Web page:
Fewer teen-agers would become pregnant if there were better sex-education programs in the schools, greater parent initiative in discussing sex and increased availability of over-the-counter contraceptives, according to a study released yesterday, based on the recommendations of District teens.
"The United States leads most developed countries in its proportions of teen-age pregnancies, and the District has the highest pregnancy rate in the country," psychologist Henry David told a group of more than 100 civic leaders and sex-education specialists at a workshop on teen pregnancy at the National Baptist Memorial Church.
"Adults must learn to accept the fact that teen-agers engage in premarital sexual behavior with or without their sanction," said David, director of the Transnational Family Research Institute, co-sponsor of the study with Planned Parenthood of Metropolitan Washington.
"It is our responsibility to reach out to adolescents, to help them be responsible for their sexual behavior and to serve them in accordance with their needs."
The study utilized the advice of about 60 "peer counselors" at six inner-city high schools.
In a program sponsored by Planned Parenthood, peer counselors study topics such as reproductive anatomy, contraception, pregnancy, childbirth, abortion, venereal disease, sex roles, dedision-making and communication skills, to help them translate information from adult experts into language their classmates can understand.
"Despite the extensive efforts of family-planning clinics to provide sexually active teen-agers with . . . contraceptives, and although teen-agers are coming to such clinics in ever increasing numbers, the proportion of young teen-agers confronted with problem pregnancies continues to climb," notes the study, which was funded by the National Institute of Child Health and Human Development's Center for Population Research.
"It is time to look at teen-agers' needs through teen-age eyes and try to meet their expectations."
The peer counselors' major recommendations:
Improving standard school sex-education programs by placing more emphasis on women's needs, assertiveness-training and communication problems with males, particularly concerning basic contraception information.
Most school sex-education programs present little more than "plumbing and biological facts," says the study. "It is curious that at a time when adolescents can obtain contraceptives and abortions without parental permission or notification in many cities and towns, parental consent is still required to participate in so-called sex-education classes in most American public schools."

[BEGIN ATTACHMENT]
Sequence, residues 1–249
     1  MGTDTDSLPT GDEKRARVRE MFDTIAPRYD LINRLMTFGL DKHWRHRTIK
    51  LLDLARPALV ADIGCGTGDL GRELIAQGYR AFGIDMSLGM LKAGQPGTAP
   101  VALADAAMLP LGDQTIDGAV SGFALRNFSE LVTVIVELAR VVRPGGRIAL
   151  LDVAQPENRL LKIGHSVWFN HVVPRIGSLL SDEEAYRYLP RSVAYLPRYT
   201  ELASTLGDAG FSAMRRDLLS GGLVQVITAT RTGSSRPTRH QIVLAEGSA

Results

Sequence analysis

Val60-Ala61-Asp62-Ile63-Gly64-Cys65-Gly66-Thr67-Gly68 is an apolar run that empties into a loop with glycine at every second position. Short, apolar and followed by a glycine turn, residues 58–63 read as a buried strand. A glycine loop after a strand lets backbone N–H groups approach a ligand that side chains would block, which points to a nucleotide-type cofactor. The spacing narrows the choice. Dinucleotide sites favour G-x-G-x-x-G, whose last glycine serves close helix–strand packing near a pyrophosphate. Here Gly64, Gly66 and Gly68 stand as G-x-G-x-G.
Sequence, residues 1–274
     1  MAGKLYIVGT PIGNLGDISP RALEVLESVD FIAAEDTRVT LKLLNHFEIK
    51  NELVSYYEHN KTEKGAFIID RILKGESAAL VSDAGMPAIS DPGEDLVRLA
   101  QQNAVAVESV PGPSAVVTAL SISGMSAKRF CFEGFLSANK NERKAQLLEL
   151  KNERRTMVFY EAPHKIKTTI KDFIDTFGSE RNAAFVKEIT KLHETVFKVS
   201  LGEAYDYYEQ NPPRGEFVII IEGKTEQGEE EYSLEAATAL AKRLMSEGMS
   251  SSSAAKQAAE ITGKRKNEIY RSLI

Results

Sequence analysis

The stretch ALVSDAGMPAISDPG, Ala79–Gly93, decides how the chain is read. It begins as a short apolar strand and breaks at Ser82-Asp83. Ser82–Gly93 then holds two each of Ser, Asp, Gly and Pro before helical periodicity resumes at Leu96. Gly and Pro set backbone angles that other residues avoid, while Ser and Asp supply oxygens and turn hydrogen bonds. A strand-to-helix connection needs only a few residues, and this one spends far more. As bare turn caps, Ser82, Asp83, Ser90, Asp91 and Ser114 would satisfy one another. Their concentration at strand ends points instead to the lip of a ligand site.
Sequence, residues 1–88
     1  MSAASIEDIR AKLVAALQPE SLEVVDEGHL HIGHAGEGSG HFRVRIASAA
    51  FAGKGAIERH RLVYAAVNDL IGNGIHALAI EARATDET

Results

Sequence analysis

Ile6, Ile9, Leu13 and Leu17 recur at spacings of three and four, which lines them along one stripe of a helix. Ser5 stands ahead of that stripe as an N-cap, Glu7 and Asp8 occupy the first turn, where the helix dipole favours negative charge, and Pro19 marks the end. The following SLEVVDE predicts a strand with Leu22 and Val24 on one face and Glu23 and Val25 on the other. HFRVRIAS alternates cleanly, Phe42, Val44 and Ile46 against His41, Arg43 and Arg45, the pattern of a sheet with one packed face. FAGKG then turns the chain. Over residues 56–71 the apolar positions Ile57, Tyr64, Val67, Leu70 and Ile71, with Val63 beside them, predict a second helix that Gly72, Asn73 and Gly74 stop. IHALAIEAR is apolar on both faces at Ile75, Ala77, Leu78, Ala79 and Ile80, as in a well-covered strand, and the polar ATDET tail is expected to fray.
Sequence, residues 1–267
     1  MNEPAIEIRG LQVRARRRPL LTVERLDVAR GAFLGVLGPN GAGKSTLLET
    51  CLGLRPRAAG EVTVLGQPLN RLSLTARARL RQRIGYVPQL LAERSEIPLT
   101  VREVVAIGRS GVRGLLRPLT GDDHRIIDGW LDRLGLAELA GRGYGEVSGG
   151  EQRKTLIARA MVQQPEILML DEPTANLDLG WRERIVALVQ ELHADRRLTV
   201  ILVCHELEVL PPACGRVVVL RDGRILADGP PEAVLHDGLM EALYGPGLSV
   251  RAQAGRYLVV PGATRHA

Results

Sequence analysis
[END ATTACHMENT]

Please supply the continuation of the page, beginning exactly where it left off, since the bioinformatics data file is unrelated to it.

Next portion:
Specifically, the peer counselors suggest "teaching girls about the risks to themselves if they become pregnant before they are ready to be mothers, and teaching both boys and girls in biology and health classes how birthcontrol methods actually work to prevent pregnancy."
They also recommend assertiveness-training classes to help both male and female teen-agers deal with peer pressure.
Greater parent initiative in talking about sex and pregnancy with their children .
"Some parents feel threathened by their children's apparent sophistication on sexual issues and allow erroneous information about contraception to persist," says the report.
"New community approaches must be explored and fresh initiatives supported if the adolescent cry for parental help and understanding is to be accommodated."
For example, peer counselors suggest rap groups where teen-agers could discuss their own problems and questions about sex with the parents of other teen-agers, not their own mothers and fathers. Another rap session would allow parents to discuss their concerns about teen-age sexuality with other teens, not their own.
Increased availability and attractiveness of over-the-counter contraceptives .
"The experience of peer counselors confirms that present clinics with their medical aura are not ideally suited to the interest of adolescents . . . who are often fearful of pelvic examinations, blood tests and medical authority figures."
The report also recommends gearing specifically to teens radio and television advertising, marketing and store display of over-the-counter contraceptives.
"For far too long society has been reluctant to reach out to adolescents and initiate contraceptives instruction for young people before sexual debut. Usually, this lack of action has been justified by the mistaken belief that societal sanction encourages premarital activity.
"Statistics clearly indicate that such thinking has been 'overtaken by events' and is self-defeating as we enter the 1980s."